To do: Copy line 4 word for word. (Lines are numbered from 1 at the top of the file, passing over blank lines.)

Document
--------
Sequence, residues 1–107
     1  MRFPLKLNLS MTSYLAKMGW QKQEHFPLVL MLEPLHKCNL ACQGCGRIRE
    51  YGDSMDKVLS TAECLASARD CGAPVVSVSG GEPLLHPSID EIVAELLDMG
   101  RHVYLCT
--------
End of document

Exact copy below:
   101  RHVYLCT